How programmatic can foster creativity

The growth of programmatic trading will encourage ad sales reps from publishers to be more creative and analytical, says the general manager for international at Rubicon Project, Jay Stevens.

Mr Stevens, whose company provides major publisher partners with a platform to automate the buying and selling of ad space, said that the proliferation of real-time bidding and programmatic platforms was causing media sales teams to form into two camps.

“So you’ll have the programmatic trading unit, or the automated trading unit, on one side, and the direct sales team on the other side,” he said. “What can happen now though is the direct sales team can move into more holistic, 360 degree approach, where the product they’re selling is high impact, high engagement, high value executions that can’t be delivered programmatically.

“So the spots and dots are still sold, in an automated way, but then the really interesting formats and executions are done and sold – and can only be sold – by people.”

By expediting some of the more rudimentary ad sales procedures, sales executives now have much more time to think about innovative, unique ideas, said Mr Stevens.

Rubicon Project announced a major deal with News Corp last year to provide the publisher with a programmatic ad exchange platform across all its global brands and properties.

In Australia, News Corp’s automated trading platform for trading digital inventory is managed by Cameron King, who was appointed head of commercial platforms and products in April this year, and who said that the growth of programmatic within the company had created “a slight shift in terms of focus”.

“As sales people are less focused on delivering an IO (input-output), or shifting and shuffling paper from one person to the next, of crossing ‘T’s and dotting ‘I’s, an opportunity exists to focus on more creative solutions and to focus on more client analysis,” he said.

Rubicon Project also provides a platform for APN News and Media’s Australian Regional Media (ARM) division, which was launched in July this year.

Jennifer Stokes, who manages ARM’s programmatic trading across desktop, mobile and video, said at the time that “programmatic will have a positive effect because it frees the sales people up to move away from possibly labour intensive booking processes and work on more bespoke, innovative ideas with the client.”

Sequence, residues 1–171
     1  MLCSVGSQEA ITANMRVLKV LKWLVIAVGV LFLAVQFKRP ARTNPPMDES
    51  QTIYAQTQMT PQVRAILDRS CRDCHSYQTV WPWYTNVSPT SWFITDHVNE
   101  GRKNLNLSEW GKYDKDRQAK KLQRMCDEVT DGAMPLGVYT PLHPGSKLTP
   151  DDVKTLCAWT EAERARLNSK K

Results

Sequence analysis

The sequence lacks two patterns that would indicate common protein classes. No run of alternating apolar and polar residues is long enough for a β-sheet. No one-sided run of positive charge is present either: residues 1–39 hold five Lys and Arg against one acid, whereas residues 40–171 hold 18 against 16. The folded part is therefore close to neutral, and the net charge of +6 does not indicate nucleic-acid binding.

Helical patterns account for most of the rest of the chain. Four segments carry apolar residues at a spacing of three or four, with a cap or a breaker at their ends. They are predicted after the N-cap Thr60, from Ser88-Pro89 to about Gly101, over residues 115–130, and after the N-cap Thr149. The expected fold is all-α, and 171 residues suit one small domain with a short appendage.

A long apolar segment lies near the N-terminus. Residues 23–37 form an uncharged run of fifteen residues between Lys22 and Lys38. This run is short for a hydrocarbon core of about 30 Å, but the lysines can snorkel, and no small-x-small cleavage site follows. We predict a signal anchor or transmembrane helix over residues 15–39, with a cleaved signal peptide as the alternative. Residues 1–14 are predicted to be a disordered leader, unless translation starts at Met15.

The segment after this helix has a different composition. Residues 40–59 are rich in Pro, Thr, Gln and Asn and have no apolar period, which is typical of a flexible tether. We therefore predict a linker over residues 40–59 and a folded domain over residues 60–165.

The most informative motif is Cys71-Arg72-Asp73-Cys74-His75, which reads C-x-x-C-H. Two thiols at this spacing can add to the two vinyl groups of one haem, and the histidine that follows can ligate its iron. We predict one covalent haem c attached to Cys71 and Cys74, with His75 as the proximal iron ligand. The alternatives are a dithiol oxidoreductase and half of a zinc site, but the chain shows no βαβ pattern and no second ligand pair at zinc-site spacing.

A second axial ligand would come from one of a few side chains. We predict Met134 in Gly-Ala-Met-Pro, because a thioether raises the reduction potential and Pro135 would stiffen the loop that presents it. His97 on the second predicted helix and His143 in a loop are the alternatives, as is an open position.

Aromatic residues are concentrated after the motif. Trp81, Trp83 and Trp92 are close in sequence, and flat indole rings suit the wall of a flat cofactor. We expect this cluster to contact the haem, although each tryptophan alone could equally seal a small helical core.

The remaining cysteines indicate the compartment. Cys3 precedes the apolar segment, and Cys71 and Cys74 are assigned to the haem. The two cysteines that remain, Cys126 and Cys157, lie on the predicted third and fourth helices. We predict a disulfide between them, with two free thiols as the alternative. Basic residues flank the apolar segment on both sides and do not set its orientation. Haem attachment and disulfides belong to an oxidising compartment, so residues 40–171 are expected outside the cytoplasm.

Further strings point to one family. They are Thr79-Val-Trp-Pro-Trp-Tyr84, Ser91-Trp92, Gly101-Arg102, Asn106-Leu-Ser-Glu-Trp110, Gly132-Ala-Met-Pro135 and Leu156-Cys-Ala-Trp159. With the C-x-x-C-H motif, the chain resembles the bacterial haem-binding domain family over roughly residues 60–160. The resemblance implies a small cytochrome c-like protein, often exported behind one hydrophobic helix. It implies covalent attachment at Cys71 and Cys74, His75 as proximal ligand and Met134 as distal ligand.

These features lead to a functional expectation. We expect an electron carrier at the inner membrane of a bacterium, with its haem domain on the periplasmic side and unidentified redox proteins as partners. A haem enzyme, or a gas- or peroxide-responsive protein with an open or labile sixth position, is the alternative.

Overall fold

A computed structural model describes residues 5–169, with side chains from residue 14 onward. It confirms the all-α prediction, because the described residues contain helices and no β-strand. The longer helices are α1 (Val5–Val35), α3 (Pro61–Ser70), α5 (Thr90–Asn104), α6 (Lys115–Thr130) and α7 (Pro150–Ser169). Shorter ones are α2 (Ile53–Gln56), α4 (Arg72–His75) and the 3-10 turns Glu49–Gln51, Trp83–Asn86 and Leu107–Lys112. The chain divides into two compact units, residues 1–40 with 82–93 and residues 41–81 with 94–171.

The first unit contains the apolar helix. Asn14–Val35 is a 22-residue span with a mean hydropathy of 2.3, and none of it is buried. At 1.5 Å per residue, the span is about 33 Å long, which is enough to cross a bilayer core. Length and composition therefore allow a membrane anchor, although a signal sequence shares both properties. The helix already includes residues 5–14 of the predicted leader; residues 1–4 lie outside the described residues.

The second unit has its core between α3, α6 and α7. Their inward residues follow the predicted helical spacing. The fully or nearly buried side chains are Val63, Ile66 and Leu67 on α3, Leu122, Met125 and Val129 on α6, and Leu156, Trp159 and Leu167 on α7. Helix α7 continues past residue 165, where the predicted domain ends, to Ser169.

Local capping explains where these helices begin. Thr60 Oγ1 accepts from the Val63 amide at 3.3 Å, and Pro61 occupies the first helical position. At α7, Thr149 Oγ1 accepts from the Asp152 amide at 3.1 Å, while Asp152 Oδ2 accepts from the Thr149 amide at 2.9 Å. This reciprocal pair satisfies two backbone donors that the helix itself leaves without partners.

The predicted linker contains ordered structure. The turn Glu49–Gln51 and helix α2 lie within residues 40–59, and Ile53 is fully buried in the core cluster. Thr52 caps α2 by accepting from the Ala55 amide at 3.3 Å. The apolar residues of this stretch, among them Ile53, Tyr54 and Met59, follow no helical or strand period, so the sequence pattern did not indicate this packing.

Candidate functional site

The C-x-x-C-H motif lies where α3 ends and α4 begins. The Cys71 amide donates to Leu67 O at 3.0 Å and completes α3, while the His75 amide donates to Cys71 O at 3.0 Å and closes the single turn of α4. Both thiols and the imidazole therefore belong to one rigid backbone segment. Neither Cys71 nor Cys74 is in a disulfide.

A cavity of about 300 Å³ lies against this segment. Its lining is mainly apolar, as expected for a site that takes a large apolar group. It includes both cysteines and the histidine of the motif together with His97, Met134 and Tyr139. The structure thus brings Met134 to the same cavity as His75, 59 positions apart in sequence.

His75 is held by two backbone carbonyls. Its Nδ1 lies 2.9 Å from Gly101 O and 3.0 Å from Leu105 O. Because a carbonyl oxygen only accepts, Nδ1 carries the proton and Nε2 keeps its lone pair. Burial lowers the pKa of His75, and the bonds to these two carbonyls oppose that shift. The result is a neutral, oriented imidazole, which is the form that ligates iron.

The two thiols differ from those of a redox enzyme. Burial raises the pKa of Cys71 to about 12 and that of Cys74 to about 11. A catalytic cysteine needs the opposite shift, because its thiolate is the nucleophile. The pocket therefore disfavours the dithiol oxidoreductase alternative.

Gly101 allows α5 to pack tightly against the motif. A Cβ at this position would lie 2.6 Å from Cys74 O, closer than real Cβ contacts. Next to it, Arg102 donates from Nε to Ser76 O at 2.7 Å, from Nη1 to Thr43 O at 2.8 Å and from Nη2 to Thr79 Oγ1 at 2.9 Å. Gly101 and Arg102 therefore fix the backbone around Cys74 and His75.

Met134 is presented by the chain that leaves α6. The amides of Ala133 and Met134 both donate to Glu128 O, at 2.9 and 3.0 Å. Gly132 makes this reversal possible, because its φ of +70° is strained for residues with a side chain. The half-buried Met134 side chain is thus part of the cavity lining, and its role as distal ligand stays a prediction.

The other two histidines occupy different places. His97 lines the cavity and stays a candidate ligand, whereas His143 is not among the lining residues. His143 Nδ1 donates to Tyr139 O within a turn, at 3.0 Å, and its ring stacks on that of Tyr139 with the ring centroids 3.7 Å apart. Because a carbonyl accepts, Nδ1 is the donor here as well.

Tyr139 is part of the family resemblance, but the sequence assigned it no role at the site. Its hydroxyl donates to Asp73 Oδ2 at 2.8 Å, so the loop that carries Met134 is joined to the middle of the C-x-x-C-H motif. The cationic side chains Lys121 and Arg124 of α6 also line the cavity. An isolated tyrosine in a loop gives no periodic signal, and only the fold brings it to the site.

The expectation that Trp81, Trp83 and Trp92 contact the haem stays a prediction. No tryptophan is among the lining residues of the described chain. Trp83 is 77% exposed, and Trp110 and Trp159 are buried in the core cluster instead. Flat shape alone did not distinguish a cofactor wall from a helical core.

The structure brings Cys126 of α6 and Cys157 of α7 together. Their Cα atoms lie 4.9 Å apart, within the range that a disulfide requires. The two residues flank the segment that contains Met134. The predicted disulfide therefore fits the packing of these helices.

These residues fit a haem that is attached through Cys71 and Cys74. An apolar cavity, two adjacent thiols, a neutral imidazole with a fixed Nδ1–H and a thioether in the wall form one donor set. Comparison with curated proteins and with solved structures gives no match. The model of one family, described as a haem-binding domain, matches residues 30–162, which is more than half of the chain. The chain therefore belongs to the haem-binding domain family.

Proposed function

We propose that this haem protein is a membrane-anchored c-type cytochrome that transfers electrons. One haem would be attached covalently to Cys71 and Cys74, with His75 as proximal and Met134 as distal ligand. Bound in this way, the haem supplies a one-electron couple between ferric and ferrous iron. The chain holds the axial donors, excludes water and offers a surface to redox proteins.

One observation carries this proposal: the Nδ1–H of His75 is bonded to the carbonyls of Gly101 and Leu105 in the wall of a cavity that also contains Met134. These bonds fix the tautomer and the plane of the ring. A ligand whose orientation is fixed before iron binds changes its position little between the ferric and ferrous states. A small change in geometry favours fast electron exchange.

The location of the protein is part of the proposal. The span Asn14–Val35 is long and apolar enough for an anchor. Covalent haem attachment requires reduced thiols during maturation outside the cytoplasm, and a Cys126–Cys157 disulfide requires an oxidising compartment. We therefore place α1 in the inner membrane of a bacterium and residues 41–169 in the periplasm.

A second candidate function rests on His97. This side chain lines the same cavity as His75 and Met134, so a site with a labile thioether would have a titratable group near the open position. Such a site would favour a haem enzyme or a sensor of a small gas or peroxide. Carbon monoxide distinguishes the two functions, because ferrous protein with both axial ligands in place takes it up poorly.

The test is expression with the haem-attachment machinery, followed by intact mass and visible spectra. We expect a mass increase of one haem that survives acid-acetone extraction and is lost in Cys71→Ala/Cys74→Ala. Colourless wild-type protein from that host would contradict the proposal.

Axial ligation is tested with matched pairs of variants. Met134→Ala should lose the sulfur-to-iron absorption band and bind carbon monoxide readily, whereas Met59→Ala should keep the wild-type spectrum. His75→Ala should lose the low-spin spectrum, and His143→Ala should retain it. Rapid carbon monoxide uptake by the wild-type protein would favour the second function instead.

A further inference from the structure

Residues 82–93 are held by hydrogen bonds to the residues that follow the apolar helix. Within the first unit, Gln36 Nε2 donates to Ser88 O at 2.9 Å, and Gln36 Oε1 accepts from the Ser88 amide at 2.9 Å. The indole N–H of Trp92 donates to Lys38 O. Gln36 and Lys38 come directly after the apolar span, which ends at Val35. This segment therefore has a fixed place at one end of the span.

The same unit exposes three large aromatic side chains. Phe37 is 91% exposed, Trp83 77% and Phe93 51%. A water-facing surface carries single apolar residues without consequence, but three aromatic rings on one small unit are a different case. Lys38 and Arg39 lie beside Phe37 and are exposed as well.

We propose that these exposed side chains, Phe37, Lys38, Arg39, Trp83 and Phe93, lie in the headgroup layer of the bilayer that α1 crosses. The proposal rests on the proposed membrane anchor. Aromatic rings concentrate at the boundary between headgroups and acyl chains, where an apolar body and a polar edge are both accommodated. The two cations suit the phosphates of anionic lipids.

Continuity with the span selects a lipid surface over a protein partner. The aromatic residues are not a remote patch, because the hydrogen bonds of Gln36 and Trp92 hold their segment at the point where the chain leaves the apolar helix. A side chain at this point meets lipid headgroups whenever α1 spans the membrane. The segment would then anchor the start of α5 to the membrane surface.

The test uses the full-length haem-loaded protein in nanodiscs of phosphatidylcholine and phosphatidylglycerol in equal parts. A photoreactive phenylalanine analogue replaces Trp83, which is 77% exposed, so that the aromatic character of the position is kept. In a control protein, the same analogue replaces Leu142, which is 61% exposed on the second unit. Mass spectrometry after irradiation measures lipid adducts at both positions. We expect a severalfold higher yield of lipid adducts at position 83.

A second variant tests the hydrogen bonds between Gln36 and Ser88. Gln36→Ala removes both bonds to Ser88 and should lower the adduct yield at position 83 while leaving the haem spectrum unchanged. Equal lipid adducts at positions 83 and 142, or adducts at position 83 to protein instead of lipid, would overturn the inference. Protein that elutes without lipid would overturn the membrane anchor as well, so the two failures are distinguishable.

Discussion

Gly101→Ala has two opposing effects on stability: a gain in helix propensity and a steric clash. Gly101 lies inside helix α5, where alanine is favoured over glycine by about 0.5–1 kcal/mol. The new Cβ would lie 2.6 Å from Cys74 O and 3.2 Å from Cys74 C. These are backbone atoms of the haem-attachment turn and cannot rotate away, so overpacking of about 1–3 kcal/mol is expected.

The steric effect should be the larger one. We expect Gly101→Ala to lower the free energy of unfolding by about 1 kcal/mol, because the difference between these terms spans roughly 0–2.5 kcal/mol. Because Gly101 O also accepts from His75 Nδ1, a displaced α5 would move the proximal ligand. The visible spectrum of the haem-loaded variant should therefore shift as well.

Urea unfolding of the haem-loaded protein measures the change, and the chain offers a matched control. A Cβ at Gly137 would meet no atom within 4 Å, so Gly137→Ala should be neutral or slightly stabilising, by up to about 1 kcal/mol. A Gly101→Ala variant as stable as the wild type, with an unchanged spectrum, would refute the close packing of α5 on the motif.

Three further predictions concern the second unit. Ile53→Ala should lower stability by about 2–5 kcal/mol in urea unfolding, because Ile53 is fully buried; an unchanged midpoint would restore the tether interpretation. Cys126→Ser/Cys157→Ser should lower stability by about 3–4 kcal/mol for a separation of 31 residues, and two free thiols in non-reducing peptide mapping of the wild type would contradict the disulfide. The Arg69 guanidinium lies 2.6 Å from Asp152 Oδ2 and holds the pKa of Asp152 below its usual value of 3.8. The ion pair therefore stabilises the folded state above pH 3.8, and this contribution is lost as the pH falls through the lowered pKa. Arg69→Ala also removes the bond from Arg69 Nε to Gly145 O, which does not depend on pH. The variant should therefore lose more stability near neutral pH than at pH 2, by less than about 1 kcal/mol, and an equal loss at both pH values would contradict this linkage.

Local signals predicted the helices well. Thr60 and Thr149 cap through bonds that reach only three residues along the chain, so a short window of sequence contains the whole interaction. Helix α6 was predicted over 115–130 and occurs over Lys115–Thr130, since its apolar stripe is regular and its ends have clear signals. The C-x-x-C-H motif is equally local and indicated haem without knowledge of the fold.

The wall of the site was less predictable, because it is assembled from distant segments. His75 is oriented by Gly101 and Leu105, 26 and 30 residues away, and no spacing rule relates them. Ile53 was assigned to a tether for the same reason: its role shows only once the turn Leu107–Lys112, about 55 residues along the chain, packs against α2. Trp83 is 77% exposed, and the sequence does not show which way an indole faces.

The Australian newspaper industry launched a private exchange for the buying of print ads last month, which will allow agencies to “bid and book a print advertisement with a click of the mouse,” according to CEO of The Newspaper Works, Mark Hollands.

The platform, Bid on Print, was created by The Newspaper Works and Publisher’s Internationalé. During publisher trials before its release, more than $350,000 was transacted on the Bid on Print website.

Mr Stevens said that some of the most innovative programmatic ads he has seen were developed in Australia and credited the development by News and Fairfax of their own performance marketplaces.

He said that from his observations the Australian media landscape was strong but noted that challenges all publishers have in capitalising on earnings from their digital content.

“Premium publishers face a big challenge, in that Google and Facebook continue to take a larger and larger share of the digital media pie and the digital media budgets and that’s probably the biggest challenge that major publishers have around the world.”

Rubicon Project partners with news publishers from around the world, but also has deals with Google and Apple to provide them with automated trading services.

“Ultimately our job is to maximise the yield for the premium sellers and major publishers around the world that we work with,” said Mr Stevens.

“Today there are somewhere in the neighbourhood of 700 major premium sellers and publishers on the platform from about 30 countries.”

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